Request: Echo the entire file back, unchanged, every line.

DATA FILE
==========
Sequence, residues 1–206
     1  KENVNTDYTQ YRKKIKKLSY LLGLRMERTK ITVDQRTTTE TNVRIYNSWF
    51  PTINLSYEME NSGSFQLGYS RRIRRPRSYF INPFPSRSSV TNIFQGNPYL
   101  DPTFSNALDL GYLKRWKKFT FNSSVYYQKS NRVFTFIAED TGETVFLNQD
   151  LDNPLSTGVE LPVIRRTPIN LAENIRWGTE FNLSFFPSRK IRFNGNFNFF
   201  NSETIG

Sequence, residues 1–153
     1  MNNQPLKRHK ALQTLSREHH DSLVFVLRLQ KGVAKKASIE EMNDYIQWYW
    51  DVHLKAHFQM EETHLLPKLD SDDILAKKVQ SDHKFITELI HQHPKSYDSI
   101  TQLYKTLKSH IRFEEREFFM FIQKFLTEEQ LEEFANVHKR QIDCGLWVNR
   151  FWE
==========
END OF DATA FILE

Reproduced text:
Sequence, residues 1–206
     1  KENVNTDYTQ YRKKIKKLSY LLGLRMERTK ITVDQRTTTE TNVRIYNSWF
    51  PTINLSYEME NSGSFQLGYS RRIRRPRSYF INPFPSRSSV TNIFQGNPYL
   101  DPTFSNALDL GYLKRWKKFT FNSSVYYQKS NRVFTFIAED TGETVFLNQD
   151  LDNPLSTGVE LPVIRRTPIN LAENIRWGTE FNLSFFPSRK IRFNGNFNFF
   201  NSETIG

Sequence, residues 1–153
     1  MNNQPLKRHK ALQTLSREHH DSLVFVLRLQ KGVAKKASIE EMNDYIQWYW
    51  DVHLKAHFQM EETHLLPKLD SDDILAKKVQ SDHKFITELI HQHPKSYDSI
   101  TQLYKTLKSH IRFEEREFFM FIQKFLTEEQ LEEFANVHKR QIDCGLWVNR
   151  FWE